HomeReport28,076 Females Have Been Killed in Syria since March 2011, Nearly 84%...

28,076 Females Have Been Killed in Syria since March 2011, Nearly 84% of These by Syrian Regime Forces and Its Allies


Protecting Women in Syria Requires the Intervention of the International Community After Violations Have Reached the Level of Crimes against Humanity


Press release:
The Syrian Network for Human Rights (SNHR) states in its report issued to mark the International Day for the Elimination of Violence against Women that violations in Syria have reached the level of crimes against humanity, and that the international community should intervene to protect women in Syria, noting that 28,076 females have been killed in Syria since March 2011, nearly 84 percent of these at the hands of Syrian Regime forces and its allies.
The 36-page report reveals that for more than eight years, the basic rights of Syrian women have further deteriorated at all levels, including the security, social, economic, health and psychological levels, in conjunction with the Syrian regime’s murderously brutal response to the people’s demands for freedom and fundamental human rights as a result of the eruption of the popular uprising for democracy in 2011. Whilst it’s true that all segments of Syrian society have been adversely affected by the repercussions of the conflict, women have been worst affected, firstly because of their multiple roles and responsibilities as mothers and caregivers, and secondly due to their social and health status.
The report explains that Syrian women and girls have not been accidental victims of the conflict, but have rather been directly and deliberately targeted by all parties to the conflict, primarily by the Syrian regime, which is by far the most prolific and most brutal perpetrator of violations compared to the other parties; females have been targeted either because of their active contribution to social, humanitarian, political, human rights, relief, medical, and media work, or simply because they are females, with the aim of marginalizing and breaking them, and as part of the regime’s effort to suppress and intimidate society and deter any further opposition to the authorities, particularly since the status of women in Syrian society is still strongly linked to customs and beliefs. Women have also been subjected to various types of violations, including extrajudicial killings, arbitrary arrests, torture and executions, enforced disappearances, sexual violence, forced displacement, siege, and denial of healthcare and basic services, with the rates of these violations, particularly the killing, torture and enforced disappearance, being the worst in the world, according to the report. Women have been subjected to other types of violations, including restrictions on work, education and clothing, and access to adequate healthcare in areas controlled by ISIS and Hay’at Tahrir al Sham, as well as forced conscription in areas controlled by the Syrian Democratic Forces, along with persecution, threats, intimidation and extortion in areas under the control of factions of the Armed Opposition.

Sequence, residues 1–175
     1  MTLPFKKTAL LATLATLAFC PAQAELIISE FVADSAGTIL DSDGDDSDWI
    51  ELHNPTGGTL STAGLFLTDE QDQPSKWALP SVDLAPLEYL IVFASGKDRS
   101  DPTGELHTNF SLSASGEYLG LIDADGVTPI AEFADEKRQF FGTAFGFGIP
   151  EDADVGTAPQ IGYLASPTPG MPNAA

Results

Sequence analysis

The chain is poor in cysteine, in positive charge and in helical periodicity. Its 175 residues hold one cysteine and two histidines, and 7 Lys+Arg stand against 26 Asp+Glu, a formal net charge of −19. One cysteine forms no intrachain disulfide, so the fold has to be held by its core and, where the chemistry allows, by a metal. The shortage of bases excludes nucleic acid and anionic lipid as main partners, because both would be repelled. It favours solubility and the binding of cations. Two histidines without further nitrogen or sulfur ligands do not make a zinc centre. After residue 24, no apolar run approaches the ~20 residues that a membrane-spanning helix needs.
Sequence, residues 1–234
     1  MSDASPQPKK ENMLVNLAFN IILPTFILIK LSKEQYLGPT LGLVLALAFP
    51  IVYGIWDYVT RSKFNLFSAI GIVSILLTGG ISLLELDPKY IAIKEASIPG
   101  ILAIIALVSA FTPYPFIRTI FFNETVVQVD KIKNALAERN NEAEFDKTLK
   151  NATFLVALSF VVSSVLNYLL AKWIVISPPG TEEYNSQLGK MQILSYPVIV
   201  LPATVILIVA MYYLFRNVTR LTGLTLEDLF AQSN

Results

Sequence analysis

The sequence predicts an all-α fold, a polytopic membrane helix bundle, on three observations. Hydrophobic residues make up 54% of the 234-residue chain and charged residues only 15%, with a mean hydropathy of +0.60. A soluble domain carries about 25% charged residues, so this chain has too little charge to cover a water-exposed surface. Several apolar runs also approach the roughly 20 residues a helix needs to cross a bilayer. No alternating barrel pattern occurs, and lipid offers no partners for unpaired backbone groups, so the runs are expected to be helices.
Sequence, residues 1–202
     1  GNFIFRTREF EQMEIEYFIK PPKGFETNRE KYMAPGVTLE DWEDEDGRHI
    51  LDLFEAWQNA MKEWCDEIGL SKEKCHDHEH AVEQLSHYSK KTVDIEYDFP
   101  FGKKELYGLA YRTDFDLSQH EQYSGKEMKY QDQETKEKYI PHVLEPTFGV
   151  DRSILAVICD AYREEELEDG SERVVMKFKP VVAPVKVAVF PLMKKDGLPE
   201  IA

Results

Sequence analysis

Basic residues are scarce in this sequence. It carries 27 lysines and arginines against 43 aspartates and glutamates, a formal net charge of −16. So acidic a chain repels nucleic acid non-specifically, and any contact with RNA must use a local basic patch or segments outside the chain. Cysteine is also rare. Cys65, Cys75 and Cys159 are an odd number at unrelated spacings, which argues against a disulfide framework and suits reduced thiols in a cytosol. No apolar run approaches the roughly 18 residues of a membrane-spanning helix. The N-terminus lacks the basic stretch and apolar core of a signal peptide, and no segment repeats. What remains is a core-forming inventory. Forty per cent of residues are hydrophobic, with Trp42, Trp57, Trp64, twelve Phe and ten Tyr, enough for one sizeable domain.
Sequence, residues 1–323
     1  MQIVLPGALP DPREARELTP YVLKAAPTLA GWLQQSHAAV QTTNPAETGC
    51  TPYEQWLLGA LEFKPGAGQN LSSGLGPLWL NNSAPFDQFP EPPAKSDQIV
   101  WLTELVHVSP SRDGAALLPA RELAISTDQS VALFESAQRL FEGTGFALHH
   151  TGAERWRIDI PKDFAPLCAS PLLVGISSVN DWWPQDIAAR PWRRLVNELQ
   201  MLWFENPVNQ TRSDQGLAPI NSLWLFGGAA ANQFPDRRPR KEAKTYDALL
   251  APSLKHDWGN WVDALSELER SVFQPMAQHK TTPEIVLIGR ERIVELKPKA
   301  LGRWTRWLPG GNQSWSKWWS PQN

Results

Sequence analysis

As the report notes, although most international legal instruments and covenants, such as the Geneva Convention and its two Additional Protocols, international humanitarian law and the International Covenant on Political and Civil Rights, give special protection to women in their articles, in all circumstances, given women’s specific needs, Syrian women still do not enjoy even the lowest levels of protection and security. Such security and protection can only be achieved through the creation of a stable and secure society, which is impossible to achieve in the absence of a democratic political system. Despite the massive and overwhelmingly vast number of problems and violations suffered by Syrian women, a large number of them still haven’t abandoned their resistance and the struggle to attain basic and fundamental rights and freedoms for the whole of Syrian society in order to achieve the democratic transformation of the Syrian state; their selflessness and self-sacrifice underlines the need for a guarantee of their active participation at every level.
Fadel Abdul Ghany, Chairman of the Syrian Network for Human Rights, says:
“After suffering this terrible loss of their rights, Syrian women deserve all forms of support and advocacy from all women’s organizations and human rights bodies around the world, more especially since the world’s states have failed to fulfill their obligations to protect women in Syria and to ensure that the Syrian regime respect the Geneva Conventions to which it is a party. Syrian society cannot be stable without holding the perpetrators of crimes against Syrian women accountable and ensuring all their rights.”
The report outlines the record of violations committed by the main parties to the conflict in Syria against females between March 2011 and November 25, 2019, particularly outlining the violations that occurred between November 25, 2018, and November 25, 2019. The report also draws upon survivors’ accounts and outlines 11 accounts of survivors of various types of violations or of victims’ families or eyewitnesses to the incidents.
The report documents that 28,076 females were killed at the hands of the main parties to the conflict in the period covered by the report. Of those, 21,856 females were killed by Syrian Regime forces, 1,479 were killed by Russian forces, 959 were killed by US-led coalition, and 1,307 females were killed by factions of the Armed Opposition.
In addition, extremist Islamist groups killed 1,059 females – 980 of these were killed by ISIS and 79 by Hay’at Tahrir al Sham, while Syrian Democratic Forces killed 245 females. Lastly, 1,171 females were killed by other parties.